संन्यासस्तु महाबाहो दु:खमाप्तुमयोगत: |

योगयुक्तो मुनिर्ब्रह्म नचिरेणाधिगच्छति || 6||

sannyāsas tu mahā-bāho duḥkham āptum ayogataḥ

yoga-yukto munir brahma na chireṇādhigachchhati


Perfect renunciation is difficult to attain without performing work in devotion, O mighty-armed Arjun, but the sage who is adept in karma yoga quickly attains the Supreme.

यो मां पश्यति सर्वत्र सर्वं मयि पश्यति |

तस्याहं प्रणश्यामि मे प्रणश्यति || 30||

yo māṁ paśhyati sarvatra sarvaṁ cha mayi paśhyati

tasyāhaṁ na praṇaśhyāmi sa cha me na praṇaśhyati


For those who see Me everywhere and see all things in Me, I am never lost, nor are they ever lost to Me.

पत्रं पुष्पं फलं तोयं यो मे भक्त्या प्रयच्छति |

तदहं भक्त्युपहृतमश्नामि प्रयतात्मन: || 26||

patraṁ puṣhpaṁ phalaṁ toyaṁ yo me bhaktyā prayachchhati

tadahaṁ bhaktyupahṛitam aśhnāmi prayatātmanaḥ


If one offers to Me with devotion a leaf, a flower, a fruit, or even water, I delightfully partake of that item offered with love by My devotee in pure consciousness.

यत्करोषि यदश्नासि यज्जुहोषि ददासि यत् |

यत्तपस्यसि कौन्तेय तत्कुरुष्व मदर्पणम् || 27||

yat karoṣhi yad aśhnāsi yaj juhoṣhi dadāsi yat

yat tapasyasi kaunteya tat kuruṣhva mad-arpaṇam


Whatever you do, whatever you eat, whatever you offer as oblation to the sacred fire, whatever you bestow as a gift, and whatever austerities you perform, O son of Kunti, do them as an offering to Me.

समोऽहं सर्वभूतेषु मे द्वेष्योऽस्ति प्रिय: |

ये भजन्ति तु मां भक्त्या मयि ते तेषु चाप्यहम् || 29||

samo ’haṁ sarva-bhūteṣhu na me dveṣhyo ’sti na priyaḥ

ye bhajanti tu māṁ bhaktyā mayi te teṣhu chāpyaham


I am equally disposed to all living beings; I am neither inimical nor partial to anyone. But the devotees who worship Me with love reside in Me and I reside in them.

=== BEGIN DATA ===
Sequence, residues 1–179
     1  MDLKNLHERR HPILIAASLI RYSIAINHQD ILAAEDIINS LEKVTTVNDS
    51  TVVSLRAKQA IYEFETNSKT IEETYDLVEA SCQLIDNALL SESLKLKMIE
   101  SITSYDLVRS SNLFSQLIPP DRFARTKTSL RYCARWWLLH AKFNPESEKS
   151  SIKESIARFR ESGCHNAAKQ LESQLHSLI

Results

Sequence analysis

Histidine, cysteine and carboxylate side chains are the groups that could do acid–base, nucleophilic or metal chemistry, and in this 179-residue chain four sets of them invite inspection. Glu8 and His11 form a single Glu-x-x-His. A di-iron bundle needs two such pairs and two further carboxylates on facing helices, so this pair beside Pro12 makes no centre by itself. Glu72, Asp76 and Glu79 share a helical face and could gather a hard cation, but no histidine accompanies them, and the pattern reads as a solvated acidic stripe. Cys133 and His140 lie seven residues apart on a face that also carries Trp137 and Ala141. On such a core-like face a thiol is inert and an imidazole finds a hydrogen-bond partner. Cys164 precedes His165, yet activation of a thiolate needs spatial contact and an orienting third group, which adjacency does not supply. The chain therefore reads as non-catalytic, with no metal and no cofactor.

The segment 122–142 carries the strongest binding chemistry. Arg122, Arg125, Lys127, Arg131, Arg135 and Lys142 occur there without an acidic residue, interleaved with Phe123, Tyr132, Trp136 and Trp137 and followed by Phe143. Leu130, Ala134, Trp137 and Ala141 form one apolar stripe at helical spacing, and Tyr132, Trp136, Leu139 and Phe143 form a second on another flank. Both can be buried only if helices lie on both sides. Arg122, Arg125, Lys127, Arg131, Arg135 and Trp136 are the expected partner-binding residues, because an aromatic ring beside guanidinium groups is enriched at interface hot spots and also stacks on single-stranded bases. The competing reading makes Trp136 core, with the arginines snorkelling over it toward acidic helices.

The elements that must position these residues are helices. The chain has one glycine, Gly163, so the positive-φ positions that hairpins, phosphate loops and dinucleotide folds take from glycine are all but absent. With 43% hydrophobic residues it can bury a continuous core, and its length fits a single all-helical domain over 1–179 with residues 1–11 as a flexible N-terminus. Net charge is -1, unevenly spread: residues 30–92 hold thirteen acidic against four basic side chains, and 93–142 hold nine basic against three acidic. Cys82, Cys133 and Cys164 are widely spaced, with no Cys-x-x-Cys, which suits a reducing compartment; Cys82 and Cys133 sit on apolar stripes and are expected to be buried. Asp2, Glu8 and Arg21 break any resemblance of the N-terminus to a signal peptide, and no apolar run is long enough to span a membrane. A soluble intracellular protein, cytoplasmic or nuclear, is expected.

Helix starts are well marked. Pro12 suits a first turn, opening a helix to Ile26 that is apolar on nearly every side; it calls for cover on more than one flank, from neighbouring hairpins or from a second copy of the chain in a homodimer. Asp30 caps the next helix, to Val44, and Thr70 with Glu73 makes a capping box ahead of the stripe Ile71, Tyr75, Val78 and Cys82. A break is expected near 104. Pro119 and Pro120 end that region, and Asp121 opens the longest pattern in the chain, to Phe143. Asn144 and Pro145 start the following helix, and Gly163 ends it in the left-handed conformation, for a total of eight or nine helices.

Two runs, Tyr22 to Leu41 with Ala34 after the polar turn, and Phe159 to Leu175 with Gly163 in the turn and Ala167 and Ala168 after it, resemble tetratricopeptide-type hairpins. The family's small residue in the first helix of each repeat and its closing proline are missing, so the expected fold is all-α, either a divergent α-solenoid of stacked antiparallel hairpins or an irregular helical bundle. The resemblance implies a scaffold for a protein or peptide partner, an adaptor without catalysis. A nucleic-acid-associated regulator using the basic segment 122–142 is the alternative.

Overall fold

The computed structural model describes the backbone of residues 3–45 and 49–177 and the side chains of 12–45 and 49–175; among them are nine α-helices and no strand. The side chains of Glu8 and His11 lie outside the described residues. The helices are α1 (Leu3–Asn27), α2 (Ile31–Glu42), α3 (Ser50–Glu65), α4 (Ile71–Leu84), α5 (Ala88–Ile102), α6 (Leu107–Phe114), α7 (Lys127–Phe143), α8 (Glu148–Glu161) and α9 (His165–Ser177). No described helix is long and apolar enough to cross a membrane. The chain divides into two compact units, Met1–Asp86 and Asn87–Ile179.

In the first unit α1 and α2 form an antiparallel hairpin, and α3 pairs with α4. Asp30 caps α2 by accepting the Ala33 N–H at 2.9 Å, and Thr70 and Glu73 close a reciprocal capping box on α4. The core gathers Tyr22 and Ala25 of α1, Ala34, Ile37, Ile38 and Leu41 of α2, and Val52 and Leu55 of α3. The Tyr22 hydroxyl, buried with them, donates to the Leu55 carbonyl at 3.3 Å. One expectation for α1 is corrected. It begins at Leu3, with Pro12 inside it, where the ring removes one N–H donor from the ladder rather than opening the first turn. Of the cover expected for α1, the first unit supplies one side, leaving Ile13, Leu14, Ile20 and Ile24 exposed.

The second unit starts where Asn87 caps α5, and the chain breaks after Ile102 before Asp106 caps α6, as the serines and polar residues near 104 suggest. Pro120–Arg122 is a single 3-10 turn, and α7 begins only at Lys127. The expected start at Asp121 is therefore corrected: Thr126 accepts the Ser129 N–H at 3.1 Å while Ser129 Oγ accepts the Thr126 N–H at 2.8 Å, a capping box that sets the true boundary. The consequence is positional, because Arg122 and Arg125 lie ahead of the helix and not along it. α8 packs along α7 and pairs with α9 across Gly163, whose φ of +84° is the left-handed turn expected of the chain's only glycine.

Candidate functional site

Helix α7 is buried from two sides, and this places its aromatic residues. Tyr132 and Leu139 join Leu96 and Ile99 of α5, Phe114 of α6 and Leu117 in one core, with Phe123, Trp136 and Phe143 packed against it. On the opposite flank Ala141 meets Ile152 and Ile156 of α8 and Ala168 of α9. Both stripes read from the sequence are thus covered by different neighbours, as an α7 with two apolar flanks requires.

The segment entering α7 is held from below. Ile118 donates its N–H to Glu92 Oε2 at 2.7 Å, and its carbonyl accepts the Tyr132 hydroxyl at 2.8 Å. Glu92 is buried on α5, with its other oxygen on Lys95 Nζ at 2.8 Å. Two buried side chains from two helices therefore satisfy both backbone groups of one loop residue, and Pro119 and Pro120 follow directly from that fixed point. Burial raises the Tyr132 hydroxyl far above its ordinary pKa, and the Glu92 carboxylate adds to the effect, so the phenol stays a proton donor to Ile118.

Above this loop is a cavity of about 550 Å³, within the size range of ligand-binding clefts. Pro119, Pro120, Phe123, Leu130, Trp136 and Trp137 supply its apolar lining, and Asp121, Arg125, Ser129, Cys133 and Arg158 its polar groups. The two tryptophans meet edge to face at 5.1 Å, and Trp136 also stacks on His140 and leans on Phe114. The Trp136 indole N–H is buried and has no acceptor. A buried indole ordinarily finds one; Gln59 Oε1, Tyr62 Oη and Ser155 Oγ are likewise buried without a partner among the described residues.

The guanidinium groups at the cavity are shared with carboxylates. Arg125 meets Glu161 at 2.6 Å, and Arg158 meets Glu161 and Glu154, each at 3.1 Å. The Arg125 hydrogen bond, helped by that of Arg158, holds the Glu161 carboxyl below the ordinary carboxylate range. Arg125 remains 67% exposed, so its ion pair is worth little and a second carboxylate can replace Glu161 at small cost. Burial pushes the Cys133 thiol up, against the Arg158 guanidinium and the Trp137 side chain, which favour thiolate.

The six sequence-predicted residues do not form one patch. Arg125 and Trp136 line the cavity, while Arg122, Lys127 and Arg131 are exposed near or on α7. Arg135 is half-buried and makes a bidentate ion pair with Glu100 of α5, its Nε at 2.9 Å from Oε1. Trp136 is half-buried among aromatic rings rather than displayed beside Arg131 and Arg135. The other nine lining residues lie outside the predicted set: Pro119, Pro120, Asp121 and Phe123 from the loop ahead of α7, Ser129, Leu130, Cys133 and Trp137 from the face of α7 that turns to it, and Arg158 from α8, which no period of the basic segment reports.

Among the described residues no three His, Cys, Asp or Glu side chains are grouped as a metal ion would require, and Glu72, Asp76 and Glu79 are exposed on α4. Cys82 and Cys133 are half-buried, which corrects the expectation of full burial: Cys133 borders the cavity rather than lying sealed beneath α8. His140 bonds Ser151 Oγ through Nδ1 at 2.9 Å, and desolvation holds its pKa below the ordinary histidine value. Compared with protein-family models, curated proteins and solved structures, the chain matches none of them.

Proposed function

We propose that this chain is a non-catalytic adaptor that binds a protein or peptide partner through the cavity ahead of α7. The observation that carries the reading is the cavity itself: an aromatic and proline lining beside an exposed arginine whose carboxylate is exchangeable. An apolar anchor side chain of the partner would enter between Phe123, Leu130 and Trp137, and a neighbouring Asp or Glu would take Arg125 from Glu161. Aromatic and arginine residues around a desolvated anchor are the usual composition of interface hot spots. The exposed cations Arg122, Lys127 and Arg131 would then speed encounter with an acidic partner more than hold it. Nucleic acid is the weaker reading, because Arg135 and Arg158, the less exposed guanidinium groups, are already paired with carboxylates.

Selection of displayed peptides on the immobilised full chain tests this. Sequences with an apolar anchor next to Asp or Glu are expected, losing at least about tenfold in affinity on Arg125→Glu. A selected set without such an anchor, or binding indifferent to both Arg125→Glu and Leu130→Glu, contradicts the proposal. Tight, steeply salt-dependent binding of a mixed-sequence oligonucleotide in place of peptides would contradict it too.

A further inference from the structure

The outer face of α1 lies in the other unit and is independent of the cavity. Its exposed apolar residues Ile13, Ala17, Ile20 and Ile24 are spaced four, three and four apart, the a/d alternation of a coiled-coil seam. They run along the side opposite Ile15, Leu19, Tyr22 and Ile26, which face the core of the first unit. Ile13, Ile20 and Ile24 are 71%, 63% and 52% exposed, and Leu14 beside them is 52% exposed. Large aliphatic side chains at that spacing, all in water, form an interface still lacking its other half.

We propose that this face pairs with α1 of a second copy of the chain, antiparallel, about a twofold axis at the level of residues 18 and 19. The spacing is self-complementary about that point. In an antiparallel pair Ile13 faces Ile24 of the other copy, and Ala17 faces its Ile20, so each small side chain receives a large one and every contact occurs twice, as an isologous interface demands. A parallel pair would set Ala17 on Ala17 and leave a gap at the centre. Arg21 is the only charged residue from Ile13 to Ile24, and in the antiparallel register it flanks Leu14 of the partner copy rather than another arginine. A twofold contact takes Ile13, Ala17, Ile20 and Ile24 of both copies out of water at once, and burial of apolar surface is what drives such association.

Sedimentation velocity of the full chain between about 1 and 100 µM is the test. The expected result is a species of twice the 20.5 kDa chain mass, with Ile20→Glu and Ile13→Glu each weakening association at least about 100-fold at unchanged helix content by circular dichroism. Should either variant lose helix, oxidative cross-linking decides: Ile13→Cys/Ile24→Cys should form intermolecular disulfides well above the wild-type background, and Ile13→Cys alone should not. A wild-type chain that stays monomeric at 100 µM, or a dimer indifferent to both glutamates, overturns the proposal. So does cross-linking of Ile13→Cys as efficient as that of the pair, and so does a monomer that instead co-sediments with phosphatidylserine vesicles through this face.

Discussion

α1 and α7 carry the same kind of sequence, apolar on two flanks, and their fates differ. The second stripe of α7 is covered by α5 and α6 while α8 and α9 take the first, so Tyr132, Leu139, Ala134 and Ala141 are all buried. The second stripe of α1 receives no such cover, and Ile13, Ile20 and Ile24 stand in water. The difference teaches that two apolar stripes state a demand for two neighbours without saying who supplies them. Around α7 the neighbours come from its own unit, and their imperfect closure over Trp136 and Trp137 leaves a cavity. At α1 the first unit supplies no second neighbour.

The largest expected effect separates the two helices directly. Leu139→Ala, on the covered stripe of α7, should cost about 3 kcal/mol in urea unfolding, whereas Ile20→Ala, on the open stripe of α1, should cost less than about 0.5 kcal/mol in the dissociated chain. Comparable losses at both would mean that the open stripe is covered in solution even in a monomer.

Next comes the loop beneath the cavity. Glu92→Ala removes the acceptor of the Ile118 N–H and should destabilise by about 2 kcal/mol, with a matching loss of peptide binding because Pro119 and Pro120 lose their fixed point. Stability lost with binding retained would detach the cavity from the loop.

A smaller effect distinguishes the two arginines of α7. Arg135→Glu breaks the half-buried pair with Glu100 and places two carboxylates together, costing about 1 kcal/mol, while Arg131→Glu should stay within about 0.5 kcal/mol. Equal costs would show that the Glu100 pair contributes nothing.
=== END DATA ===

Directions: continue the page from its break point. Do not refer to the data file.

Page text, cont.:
सम: शत्रौ मित्रे तथा मानापमानयो: |

शीतोष्णसुखदु:खेषु सम: सङ्गविवर्जित: || 18||

samaḥ śhatrau cha mitre cha tathā mānāpamānayoḥ

śhītoṣhṇa-sukha-duḥkheṣhu samaḥ saṅga-vivarjitaḥ


He who behaves alike to foe and friend, also to good and evil repute and who is alike in cold and heat, pleasure and pain and who is free from attachment.

तुल्यनिन्दास्तुतिर्मौनी सन्तुष्टो येन केनचित् |

अनिकेत: स्थिरमतिर्भक्तिमान्मे प्रियो नर: || 19||

tulya-nindā-stutir maunī santuṣhṭo yena kenachit

aniketaḥ sthira-matir bhaktimān me priyo naraḥ


He who holds equal blame and praise, who is silent (restrained in speech), content with anything (that comes), who has no fixed abode and is firm in mind, that man who is devoted is dear to Me.

सर्वधर्मान्परित्यज्य मामेकं शरणं व्रज |

अहं त्वां सर्वपापेभ्यो मोक्षयिष्यामि मा शुच: || 66||

sarva-dharmān parityajya mām ekaṁ śharaṇaṁ vraja

ahaṁ tvāṁ sarva-pāpebhyo mokṣhayiṣhyāmi mā śhuchaḥ


Abandon all varieties of dharmas and simply surrender unto Me alone. I shall liberate you from all sinful reactions; do not fear.

However, both Mahabharat and Bhagwat Gita were in Sanskrit. A number of Puranas (old divine stories) in Sanskrit were written which could not find immediate mass following. Buddha and Jain Dharmas had spread far and wide. The Maurya emperors Chandragupta and Ajatshatru were Jains. Asoka adopted Buddhism. Hinduism began reviving from the fourth century C.E. under the Guptas. A large number of temples devoted to Shiva and Vishnu were constructed and idol worship began on a mass scale. Buddha and Jain temples already existed in large numbers in which images of Buddha and Mahavira were being worshipped. Days of personal worship to personal gods had already arrived.

In South India, the Chalukyas, Cholas, Pallavas, Pandyas and Rastrakutas were responsible for spreading the Shiva and Vaishnava cults. They built beautiful and expensive temples including the Kailashnath temple of Ellora which is a wonderful carving from a massive basalt hill.